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Germplasm collections are maintained at the Universidad del Cuzco in Peru; at the Estación Gorbea in Chile; at the Institute of Plant Genetics in Poznan, Poland; in East Germany; and in the U.S.S.R.

Environmental Requirements.

The plant is native to tropical latitudes (from 1°N to 22°S) but occurs mainly in cool valleys and basins at high altitudes. Thus it is a crop for cool climates (tropical highlands and temperate regions), not for the humid or arid tropics.

Daylength. Apparently neutral. Tarwi will flower and set seed both in the short (12-hour) tropical days and in the longer summer days in temperate zones.

Rainfall. The limits are unknown, but tarwi withstands exceptional levels of drought.

Altitude. From Colombia to Bolivia this species grows in the Andes at altitudes from 800 m to well over 3,000 m. In Australia, Europe, and California, it has been grown at or near sea level.

Low Temperature. Tarwi is semihardy. Mature plants are frost resistant; young plants are frost sensitive.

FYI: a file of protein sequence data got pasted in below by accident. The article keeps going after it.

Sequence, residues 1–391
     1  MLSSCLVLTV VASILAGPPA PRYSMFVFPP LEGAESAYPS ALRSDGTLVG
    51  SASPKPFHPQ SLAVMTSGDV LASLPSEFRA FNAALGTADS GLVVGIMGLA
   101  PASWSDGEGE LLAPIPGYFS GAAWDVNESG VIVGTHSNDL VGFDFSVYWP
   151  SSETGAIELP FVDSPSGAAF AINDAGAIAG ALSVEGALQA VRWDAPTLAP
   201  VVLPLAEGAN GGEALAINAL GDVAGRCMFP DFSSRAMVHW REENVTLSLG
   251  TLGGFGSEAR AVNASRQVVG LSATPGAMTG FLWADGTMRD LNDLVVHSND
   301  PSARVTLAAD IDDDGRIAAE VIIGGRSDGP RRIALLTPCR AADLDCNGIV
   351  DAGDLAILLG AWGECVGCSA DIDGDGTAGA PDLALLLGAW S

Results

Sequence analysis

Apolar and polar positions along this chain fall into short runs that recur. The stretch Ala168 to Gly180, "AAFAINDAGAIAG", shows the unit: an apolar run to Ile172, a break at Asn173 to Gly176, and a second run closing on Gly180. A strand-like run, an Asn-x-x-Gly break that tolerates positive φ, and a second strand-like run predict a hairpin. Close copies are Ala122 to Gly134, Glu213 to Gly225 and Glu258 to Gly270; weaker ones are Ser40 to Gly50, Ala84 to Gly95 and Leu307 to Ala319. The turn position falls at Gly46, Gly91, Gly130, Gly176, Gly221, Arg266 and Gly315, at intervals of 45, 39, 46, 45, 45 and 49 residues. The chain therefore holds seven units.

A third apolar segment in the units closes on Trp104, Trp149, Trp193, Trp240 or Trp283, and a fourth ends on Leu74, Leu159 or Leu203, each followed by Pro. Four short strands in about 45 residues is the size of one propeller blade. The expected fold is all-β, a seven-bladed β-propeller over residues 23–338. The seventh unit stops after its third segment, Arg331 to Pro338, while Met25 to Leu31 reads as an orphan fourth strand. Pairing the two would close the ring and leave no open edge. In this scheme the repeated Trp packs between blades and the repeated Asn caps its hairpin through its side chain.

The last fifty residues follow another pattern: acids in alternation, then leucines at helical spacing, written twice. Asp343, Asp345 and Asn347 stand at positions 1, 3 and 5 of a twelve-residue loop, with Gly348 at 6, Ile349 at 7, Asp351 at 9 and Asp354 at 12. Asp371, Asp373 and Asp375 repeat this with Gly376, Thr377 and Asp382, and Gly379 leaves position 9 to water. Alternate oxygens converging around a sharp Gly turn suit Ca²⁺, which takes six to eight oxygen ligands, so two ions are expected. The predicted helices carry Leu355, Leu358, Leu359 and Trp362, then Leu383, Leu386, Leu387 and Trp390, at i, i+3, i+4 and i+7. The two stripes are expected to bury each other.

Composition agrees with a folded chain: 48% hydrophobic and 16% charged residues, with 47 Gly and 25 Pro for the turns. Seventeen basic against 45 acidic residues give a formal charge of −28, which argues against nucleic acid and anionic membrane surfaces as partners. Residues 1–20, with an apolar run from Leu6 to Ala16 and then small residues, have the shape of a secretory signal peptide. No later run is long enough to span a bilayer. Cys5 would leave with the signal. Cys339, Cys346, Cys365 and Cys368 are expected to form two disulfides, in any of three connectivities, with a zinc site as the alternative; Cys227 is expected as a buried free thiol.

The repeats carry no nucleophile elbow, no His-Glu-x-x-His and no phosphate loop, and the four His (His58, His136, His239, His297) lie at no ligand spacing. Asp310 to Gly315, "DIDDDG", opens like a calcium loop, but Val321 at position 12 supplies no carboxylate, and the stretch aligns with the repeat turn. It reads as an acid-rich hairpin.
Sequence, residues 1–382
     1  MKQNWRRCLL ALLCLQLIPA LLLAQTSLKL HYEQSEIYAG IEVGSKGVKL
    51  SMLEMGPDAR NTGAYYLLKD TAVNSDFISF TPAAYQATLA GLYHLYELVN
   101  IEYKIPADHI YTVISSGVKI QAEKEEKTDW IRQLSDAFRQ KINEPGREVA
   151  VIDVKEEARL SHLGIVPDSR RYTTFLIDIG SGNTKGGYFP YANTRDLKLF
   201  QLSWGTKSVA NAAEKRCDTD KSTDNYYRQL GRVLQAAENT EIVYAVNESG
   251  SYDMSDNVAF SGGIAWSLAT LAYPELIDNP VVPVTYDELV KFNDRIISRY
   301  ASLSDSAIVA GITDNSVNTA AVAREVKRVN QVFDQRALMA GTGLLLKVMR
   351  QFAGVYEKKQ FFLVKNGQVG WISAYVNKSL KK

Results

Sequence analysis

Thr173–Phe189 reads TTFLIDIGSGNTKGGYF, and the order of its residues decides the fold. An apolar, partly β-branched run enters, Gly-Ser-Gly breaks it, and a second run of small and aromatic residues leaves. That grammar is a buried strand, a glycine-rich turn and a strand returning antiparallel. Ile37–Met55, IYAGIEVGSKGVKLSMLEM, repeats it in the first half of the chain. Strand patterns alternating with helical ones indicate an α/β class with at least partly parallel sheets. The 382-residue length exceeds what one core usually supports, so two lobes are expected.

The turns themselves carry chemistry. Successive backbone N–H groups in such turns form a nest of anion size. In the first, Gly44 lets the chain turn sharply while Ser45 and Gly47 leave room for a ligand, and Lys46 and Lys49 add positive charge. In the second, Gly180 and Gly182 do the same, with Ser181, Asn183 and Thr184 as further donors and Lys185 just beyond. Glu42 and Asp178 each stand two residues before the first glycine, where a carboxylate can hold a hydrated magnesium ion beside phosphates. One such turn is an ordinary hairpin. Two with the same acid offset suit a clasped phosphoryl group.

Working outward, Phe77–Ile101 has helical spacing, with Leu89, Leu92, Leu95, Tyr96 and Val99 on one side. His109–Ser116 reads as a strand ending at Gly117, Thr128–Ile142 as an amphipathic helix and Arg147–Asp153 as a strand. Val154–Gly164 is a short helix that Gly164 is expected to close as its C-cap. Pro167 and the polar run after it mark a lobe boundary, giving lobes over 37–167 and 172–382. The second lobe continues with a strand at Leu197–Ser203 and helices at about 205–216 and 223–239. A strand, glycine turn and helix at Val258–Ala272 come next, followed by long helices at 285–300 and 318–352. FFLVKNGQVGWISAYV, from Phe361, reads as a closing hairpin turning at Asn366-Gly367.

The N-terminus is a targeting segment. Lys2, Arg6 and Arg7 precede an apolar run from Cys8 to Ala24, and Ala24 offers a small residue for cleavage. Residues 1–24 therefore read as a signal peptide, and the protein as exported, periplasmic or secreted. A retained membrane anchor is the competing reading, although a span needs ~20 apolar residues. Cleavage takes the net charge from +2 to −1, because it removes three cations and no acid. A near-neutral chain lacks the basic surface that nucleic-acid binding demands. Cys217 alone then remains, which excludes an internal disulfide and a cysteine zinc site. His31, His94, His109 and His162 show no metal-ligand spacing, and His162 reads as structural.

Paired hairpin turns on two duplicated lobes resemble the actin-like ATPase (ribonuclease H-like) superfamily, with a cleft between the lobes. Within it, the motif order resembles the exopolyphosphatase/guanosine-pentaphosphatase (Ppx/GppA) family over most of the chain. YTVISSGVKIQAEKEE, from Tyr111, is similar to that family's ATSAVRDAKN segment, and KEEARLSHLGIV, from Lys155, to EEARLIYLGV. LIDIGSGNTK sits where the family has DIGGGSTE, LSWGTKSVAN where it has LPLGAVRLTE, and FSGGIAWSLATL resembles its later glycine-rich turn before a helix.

High Temperature. Unknown.

Soil Type. The plant is tolerant of sandy and acid soils, but in acid soils the production of rhizobium is very poor.

Related Species. The genus Lupinus is very diverse, with more than 100 different species in the New World and a smaller number in the Mediterranean region. Other than tarwi, all agriculturally important lupins derive from Mediterranean species. These, too, have important global promise.

The seed of Mediterranean lupins were rendered free of toxic alkaloids in the late 1920s and 1930s by the German researcher R. von Sengbusch, who isolated low-alkaloid (“sweet”) strains. These are now used as feed and fodder in Europe (especially the Soviet Union and Poland), the United States, Australia, and South Africa.

Of particular note is the narrowleaf lupin (Lupinus angustifolius). Nonbitter types with soft seed coats were discovered in Germany in the 1920s. Through 20 years of dedicated selection, the Australian scientist John S. Gladstones developed an early-maturing, sweet-seeded, nonshattering type. It is now widely planted in Western Australia as livestock feed, and its grain is exported to Europe.



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